What happened on the first Rally of Nations

In 2009, Rally México was off the WRC calendar, so it organized its own event. The same thing will happen this weekend


Can you feel the excitement in the air? Rally of Nations Guanajuato is now just days away from beginning. World class drivers, world class cars and world class organization – that is one very promising recipe for a very big success.

But this isn’t a new feeling for the team behind Rally México. In fact it’s déjà vu – we were here 13 years ago.

And it’s to the organizer’s credit that it has managed to reinvigorate the Rally of Nations concept and make it feel fresh, while inviting some of the legends that took part in 2009 back for 2022.


Just like this year, Rally México found itself off the World Rally Championship’s global tour in 2009 as part of a rotational system of events. But rather than take a year off, the organizing team wanted to keep Mexico’s world rallying flame burning.

Rally of Nations was the solution: a rally, but not like any other. Drivers would still compete against the clock to set the quickest time, but the rally result was more like a championship – decided by points, not minutes and seconds.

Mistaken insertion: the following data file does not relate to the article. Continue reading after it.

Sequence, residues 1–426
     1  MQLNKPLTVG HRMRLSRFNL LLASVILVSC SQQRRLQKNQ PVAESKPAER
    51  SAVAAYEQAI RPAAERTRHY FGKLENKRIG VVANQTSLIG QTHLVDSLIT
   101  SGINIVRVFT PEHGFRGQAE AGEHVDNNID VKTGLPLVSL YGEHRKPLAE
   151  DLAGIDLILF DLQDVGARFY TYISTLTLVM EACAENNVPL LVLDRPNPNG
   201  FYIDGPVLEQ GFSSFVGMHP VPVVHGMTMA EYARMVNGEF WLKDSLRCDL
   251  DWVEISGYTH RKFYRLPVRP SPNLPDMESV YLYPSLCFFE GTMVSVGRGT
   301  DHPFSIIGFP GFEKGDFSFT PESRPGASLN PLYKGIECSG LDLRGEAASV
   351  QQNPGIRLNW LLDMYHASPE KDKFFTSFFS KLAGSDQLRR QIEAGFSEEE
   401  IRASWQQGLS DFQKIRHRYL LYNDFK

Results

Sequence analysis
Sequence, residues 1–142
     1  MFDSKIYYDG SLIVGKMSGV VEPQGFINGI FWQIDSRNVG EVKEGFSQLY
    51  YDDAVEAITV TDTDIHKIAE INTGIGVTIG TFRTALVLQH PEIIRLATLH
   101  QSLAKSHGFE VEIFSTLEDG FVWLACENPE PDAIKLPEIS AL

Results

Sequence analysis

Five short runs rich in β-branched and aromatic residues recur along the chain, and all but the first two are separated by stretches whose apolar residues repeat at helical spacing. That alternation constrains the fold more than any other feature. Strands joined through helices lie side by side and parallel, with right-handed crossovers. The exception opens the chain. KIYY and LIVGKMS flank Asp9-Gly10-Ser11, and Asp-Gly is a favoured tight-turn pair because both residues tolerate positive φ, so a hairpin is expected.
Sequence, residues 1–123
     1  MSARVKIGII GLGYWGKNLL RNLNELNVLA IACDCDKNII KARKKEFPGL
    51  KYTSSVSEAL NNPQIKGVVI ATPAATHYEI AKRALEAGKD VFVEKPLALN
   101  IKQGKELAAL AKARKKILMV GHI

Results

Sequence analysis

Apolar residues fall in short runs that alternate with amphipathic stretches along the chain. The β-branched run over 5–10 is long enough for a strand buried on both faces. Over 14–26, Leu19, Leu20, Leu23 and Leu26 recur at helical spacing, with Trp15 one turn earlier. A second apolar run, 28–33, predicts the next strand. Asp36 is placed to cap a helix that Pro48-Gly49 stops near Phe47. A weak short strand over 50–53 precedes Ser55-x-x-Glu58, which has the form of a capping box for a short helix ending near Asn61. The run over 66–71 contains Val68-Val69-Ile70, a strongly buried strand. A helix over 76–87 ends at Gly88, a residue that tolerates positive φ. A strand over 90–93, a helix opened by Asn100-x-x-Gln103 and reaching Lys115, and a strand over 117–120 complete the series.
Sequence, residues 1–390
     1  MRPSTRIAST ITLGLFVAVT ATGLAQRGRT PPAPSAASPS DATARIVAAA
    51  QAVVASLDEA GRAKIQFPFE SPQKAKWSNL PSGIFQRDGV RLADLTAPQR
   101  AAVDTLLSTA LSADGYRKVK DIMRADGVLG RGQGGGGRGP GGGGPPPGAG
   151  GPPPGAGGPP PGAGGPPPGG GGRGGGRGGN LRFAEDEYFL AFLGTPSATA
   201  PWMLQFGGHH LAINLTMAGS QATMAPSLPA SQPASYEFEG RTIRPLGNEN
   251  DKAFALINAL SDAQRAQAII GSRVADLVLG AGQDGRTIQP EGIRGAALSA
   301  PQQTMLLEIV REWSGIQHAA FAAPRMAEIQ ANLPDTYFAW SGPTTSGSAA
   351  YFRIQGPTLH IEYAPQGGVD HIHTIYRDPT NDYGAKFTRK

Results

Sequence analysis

That’s because, as the name suggests, Rally of Nations was in effect a collision between the WRC and the Olympic Games. Drivers were entered in teams and competed for their country, not just themselves.

Points were awarded for each stage time and the winning nation was the one that had amassed the most points across the event from its two drivers.


The entry was eclectic: a mix of local heroes, current and aspiring rally stars and legends of the WRC. A total of 16 teams representing 13 countries – Austria, Ecuador, Finland, France, Great Britain, Germany, Italy, Mexico, Peru, Sweden, Spain, Uruguay and the US – all entered, mostly competing in Mitsubishi Evos.

Finland had arguably one of the strongest lineups with two WRC podium finishers in Harri Rovanperä and Toni Gardemeister, but 1994 World Rally champion Didier Auriol and 2003 JWRC champion Brice Tirabassi for France, Austria’s Manfred Stohl and Andreas Aigner as well as Sweden’s Patrik Sandell and Per-Gunnar Andersson all represented strong competition.


But it was Spain’s Xavier Pons and Dani Sola that cleaned up and won the first ever Rally of Nations – right when Spain was used to success on the international sporting stage with its Euro 2008 and World Cup 2010 trophies in soccer.

Austria was second – despite Stohl and Aigner finishing a clear 1-2 on accumulated stage times – with France rounding out the podium in third. There were big cheers for the second of three Mexican teams too as Ricardo Triviño and Rodrigo Salgado combined to deliver the home crowd a top five result.

But above all else, Mexico kept the attention of the international rallying world. With Auriol and Rovanperä back in the mix as well as current M-Sport Ford driver Adrien Fourmaux, this year’s Rally of Nations Guanajuato will achieve the exact same goal. And it’ll do so in the entertaining and innovative fashion that only the Rally México team knows how to provide.

Words:Luke Barry